Have you ever been at an event where you were the guest of honor? Maybe it was a bridal shower, a baby shower, or a graduation. Every eye was on you, and people treated you in a way that made you feel so privileged. Throughout 1 Peter, we see Christians described as pilgrims who are cursed by this world, but in chapter 2, Peter turns this on its head and says God has particularly honored us.
Peter says in 2:4 that we “come to him,” meaning the “Lord” (v. 3) of the Old Testament, who Peter says is Christ. He goes on to define what it means to come to Christ: “So the honor is for you who believe” (v. 7). What’s beautiful to see is that back in 1:7, he spoke of our faith going through trials in this life, but here he says when we believe, God honors us. How so? Note three honors in 1 Peter 2.
Honored to Be a Place
By faith, we are honored to be a place. And not just any place, but a Holy Place. First Peter 2:4 switches the metaphor from being the family of God to being the temple of God. In the new covenant, there still is a Holy Place. But its building materials are not wood, stone, or precious metals. Jesus Christ is the cornerstone and Christians are the walls of the new Holy Place.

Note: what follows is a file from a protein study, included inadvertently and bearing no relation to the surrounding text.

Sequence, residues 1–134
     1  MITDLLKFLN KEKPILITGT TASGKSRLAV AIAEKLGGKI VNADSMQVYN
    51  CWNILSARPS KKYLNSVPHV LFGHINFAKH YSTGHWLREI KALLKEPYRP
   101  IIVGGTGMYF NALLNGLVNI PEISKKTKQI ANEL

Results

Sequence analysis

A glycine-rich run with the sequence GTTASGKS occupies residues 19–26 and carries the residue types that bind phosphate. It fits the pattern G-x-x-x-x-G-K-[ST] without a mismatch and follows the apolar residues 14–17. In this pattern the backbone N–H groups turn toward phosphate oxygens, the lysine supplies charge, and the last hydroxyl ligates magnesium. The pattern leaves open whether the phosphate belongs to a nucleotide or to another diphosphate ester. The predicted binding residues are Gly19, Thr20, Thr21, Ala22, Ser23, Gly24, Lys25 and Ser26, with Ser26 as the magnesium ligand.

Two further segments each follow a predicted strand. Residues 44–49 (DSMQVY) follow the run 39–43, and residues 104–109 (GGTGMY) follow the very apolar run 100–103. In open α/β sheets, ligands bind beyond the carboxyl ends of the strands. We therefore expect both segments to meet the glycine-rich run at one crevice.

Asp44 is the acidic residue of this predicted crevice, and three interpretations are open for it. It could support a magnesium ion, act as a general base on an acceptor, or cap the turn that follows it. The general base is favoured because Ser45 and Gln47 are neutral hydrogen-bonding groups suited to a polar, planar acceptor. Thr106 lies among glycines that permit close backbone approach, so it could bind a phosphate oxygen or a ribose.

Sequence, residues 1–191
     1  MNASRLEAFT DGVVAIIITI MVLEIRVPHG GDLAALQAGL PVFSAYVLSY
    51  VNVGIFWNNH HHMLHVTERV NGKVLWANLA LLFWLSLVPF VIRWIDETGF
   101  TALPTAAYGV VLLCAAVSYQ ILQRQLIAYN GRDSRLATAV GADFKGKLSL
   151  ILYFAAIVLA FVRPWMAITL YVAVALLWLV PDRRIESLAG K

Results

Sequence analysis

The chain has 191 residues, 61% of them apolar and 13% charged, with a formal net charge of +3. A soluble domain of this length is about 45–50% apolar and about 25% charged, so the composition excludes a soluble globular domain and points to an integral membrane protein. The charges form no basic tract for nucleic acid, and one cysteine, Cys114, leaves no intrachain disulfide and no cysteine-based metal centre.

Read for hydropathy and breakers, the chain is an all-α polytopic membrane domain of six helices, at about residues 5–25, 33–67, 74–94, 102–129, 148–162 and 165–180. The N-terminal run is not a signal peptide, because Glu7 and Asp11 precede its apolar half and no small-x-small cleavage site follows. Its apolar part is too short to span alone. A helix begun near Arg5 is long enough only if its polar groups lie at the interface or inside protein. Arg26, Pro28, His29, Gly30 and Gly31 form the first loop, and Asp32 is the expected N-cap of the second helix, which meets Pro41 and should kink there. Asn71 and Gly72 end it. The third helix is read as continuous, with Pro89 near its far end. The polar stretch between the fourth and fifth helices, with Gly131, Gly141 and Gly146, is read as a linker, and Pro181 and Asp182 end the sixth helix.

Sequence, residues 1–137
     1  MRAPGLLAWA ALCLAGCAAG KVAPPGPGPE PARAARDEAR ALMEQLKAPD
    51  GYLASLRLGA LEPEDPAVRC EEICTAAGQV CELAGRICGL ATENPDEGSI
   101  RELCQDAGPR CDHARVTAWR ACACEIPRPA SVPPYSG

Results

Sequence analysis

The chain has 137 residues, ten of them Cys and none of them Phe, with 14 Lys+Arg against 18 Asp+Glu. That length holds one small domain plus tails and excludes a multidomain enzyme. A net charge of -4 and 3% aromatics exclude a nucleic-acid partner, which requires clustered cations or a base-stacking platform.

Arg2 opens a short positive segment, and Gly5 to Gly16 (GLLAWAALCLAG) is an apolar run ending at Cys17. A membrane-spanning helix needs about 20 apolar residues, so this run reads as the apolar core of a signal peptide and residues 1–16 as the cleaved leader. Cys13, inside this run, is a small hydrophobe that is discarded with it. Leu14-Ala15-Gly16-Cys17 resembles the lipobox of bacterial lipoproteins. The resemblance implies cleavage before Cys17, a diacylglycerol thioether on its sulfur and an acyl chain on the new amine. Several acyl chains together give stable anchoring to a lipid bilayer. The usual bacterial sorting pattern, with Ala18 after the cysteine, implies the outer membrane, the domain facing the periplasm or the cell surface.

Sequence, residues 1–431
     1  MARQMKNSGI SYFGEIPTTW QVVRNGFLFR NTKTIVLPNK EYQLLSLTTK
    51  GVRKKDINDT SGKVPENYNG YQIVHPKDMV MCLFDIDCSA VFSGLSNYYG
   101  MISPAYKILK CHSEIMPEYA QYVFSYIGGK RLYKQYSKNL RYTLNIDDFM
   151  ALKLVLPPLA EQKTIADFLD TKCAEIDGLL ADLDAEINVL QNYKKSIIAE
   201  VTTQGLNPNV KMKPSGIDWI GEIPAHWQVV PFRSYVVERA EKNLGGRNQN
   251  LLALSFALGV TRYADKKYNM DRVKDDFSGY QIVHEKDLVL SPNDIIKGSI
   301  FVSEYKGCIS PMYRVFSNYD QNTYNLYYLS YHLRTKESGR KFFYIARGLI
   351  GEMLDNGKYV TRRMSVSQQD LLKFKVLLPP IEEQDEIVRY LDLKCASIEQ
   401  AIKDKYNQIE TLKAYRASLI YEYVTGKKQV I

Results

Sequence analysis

If you watch home renovation shows, it’s amazing how easy it is to rip down walls, reconfigure the inside of a house, and totally change the look of what was once there. That’s because we use wood and drywall. In the ancient world, though, buildings were built to last—they were built of stone. Peter is saying here that our honor is that we are being built to be a permanent holy temple.
While we come to Christ by faith as “a living stone” because of His resurrection, He continues to be “rejected by” so many other “men” (2:4, citing Ps. 118:22). Why? Scripture says that since the beginning, men have rejected the Lord for their own pride and power (Gen. 10; Ps. 2). Though He was being rejected by men, Jesus is “in the sight of God chosen and precious” (1 Peter 2:4, citing Isa. 28:16).
As Christ is the living, chosen, and precious cornerstone of God’s new Holy Place, “you yourselves like living stones are being built up as a spiritual house” (2:5). The verb “being built up” is in the passive voice, which denotes that the action is done to us, not by us. As Jesus said, “I will build my church” (Matt. 16:18). He is building us into a “spiritual house,” meaning that we are “animated and indwelt by the Holy Spirit.” Think of this: we, sinners, not only individually, but corporately, are the temple of the living God. God lives among us—us of all people.